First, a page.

The next track is When the Alarm Clock Rings is a pretty good song, the bass playing in it is great, and the little bits of orchestration which have been added work really well. Overall there is a feeling of urgency to the song, which is fitting I suppose as it is a song about time.

The Intrepid Balloonists Handbook, Volume 1 is another odd track, definately displaying their sense of humour! The track features a lot of accordian ond organ, and is sang with an exaggerated British accent, and is about hot air balloons. It's all very Monty Python! It ends with "Really, you're going ever so high Felicity, we'll never be able to reach you now!".

You is a great track, very upbeat, great vocals, and lovely production. For some reason it never stood out much for me on the album, but as I listen to it, it's definately a good song! It just lacks the character and charm of some of the previous tracks.The original album closes with Track For Speedy Freaks (Or Instand LP Digest), it isn't a proper song as such, just an amalgamation of the previous songs, all played over each other at once producing this cacophony of sound. Experimental for its time, and perhaps it sounds good when you are high.

The Sundazed reissue adds several bonus tracks to the album. The best of these are the LP out take Everybody's Talkin which is a really good upbeat pop song with really good vocals, probably dropped from the album in favour of one of the more wacky tracks! Their non LP single is also included, a cover of Bob Dylans I'll Be Your Baby Tonight, which is very good, and prominently features some odd sounding metallic instrument that I can't quite work out! It's a very interesting cover all the same! We Are Ever So Clean is a very fun album, I can't recommend it enough to 60s pop fans. The songwriting is excellent, and the vocals are very distinctive throughout. It for me epitomises the comic, funloving side of British psychedelic pop, as much as Piper At The Gates Of Dawn represents the cosmic side, Tangerine Dream represents the fairytale side and World of Oz represents the childlike side. It is a must have album, it will surely put a smile on your face!
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8 of 8 people found the following review helpful
on 23 June 2006
I first heard of this album about a year ago (mid 2005) and eventually got a copy of it a few months later. I'm amazed this band and this album particularly is'nt better known.

This is soft-psyche at it's best. I have rarely heard such interesting chord sequences and vocal harmonies in what is essentially pop music, with the possible exception of the wonderful Brian Wilson.

The guitar work is superb. Not the wild freak-out guitar of Hendrix or early Clapton in fact there are no solos on the album at all, but there is a lot of well thought out guitar interplay which is reminiscent of early Steve Howe when he was in Tomorrow. This also reminds me at times of The Pretty Things (S F Sorrow), The Idle Race, The Move, The Left Banke and occasionally early Floyd (Piper....).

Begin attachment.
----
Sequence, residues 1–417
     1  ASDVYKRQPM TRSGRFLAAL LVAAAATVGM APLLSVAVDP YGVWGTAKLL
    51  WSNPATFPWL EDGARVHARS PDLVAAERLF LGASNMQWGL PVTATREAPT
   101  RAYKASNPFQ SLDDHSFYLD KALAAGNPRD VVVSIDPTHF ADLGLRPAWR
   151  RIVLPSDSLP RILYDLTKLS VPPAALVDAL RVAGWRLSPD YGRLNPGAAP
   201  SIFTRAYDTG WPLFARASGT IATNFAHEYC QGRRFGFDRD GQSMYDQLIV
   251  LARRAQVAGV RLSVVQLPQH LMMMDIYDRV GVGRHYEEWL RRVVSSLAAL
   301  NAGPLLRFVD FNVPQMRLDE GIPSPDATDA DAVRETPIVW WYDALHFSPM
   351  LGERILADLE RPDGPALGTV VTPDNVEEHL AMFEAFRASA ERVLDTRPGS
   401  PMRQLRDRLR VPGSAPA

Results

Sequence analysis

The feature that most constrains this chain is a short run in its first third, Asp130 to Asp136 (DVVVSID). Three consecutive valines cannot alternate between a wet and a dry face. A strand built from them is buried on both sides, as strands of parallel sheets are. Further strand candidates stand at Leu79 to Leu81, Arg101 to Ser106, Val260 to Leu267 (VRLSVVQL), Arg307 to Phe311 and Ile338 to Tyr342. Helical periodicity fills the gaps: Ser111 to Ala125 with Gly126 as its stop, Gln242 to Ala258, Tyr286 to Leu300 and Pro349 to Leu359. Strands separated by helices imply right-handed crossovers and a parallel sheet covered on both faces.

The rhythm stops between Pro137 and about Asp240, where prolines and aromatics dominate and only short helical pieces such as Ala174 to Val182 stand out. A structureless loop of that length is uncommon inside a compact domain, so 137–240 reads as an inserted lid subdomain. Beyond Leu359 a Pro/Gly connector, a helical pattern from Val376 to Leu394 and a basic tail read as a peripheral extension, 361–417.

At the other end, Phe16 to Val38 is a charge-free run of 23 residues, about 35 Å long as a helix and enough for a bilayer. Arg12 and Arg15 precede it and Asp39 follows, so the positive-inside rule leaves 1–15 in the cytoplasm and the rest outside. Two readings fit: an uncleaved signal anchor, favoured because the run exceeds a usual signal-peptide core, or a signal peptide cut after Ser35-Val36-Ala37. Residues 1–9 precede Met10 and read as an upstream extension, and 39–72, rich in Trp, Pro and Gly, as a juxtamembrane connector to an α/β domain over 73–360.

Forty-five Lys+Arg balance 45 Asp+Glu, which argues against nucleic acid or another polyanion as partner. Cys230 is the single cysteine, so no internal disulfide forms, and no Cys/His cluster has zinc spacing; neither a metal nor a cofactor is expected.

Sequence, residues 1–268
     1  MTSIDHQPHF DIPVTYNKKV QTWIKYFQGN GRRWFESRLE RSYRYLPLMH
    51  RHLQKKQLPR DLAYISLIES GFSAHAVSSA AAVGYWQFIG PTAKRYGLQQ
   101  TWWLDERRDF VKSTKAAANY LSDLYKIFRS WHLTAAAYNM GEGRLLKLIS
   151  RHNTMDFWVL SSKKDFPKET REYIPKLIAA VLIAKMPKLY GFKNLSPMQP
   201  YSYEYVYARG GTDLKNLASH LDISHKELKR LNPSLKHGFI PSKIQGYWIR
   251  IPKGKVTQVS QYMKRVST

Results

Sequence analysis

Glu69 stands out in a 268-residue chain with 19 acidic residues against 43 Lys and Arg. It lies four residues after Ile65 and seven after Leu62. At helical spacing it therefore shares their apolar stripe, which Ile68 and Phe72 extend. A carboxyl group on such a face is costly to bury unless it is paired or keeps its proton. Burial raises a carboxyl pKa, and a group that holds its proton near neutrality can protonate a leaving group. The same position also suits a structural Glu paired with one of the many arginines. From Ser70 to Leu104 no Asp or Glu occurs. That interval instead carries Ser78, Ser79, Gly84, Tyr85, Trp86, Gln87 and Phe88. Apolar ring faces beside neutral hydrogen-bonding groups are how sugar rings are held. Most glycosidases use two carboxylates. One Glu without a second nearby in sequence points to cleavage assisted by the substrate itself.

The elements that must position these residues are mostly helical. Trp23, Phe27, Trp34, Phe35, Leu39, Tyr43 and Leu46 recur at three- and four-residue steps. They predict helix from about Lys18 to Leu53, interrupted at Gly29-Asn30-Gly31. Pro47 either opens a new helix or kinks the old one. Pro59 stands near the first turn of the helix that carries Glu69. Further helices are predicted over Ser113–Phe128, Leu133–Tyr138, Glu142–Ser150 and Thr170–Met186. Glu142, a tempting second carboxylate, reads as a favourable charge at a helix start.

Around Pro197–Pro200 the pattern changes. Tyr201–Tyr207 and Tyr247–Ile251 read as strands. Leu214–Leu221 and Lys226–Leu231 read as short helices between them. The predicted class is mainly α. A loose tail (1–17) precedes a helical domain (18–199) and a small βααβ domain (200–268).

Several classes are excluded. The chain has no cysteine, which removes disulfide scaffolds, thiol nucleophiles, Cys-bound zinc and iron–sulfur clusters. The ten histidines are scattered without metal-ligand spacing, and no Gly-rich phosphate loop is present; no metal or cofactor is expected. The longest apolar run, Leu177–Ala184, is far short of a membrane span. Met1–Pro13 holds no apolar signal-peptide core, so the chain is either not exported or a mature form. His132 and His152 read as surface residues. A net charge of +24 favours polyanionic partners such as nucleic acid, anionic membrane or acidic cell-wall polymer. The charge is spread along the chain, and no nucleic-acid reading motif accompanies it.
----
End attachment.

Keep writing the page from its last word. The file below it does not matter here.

There are a few VERY silly songs on this, The Remarkable Saga Of The Frozen Dog and Mrs Murphy's Budgerigar to name but two. The only song that gets a little bit too silly for me is The Intrepid Balloonist's Handbook, Volume One. But hey this was the late sixties what do you expect.

For me this platter is worth the price for the absolutely beautiful Mister Watchmaker (marvelous string arrangement) and Telegram Tuesday, a song with possibly the shortest verse ever, one line and you're straight into the chorus.

It's a shame that their second album Only For A Moment wasn't anywhere near as inspired with them sounding like a slightly heavy version of Wishbone Ash, didn't work for me.

WE ARE EVER SO CLEAN.... buy it, I did and never looked back.
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3 of 3 people found the following review helpful
on 23 March 2009
Well after all these years of seeking quality psychedelia from the sixties it's great to still be able to discover new gems. Being intrigued after seeing their name in ads for the Middle Earth club and such I finally decided to get this, not quite sure what to expect and being quite fussy. I like that certain 'OOMPH' which many bands, much more well known than the Blossom Toes, so often lack. This is fresh, mature and very sophisticated in the harmonies and sound. Although the orchestration could have rendered it weak and twee, the intensity of the band is there and the orchestration really works (unlike the unfortunate Emotions album by the Pretty Things from the same time). The opener is right up there with the great British psychedelic marvels of the time ('Talkin' about the good times' by the Pretties, 'Flower King of Flies' by the Nice etc...). There are almost no bad songs, my least favorite being 'the Intrepid balloonist's Handbook' and all songs flow beautifully, underpinned by powerful bass and drums. The opening of 'Love is' is almost Caravan-like. Writing about each song would be tedious, but every one would be worth writing about.
The extra tracks are interesting. The so-called 'live' tracks seem to be radio or television recordings rather than concerts but interesting nonetheless in hearing 'simpler' versions. The three demos at the end give a tantalising glimpse of what another album in that vein could have sounded like.
All in all a brilliant discovery - Can't wait to hear the grittier sounds of the forthcoming live performances...
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2 of 2 people found the following review helpful
on 4 June 2008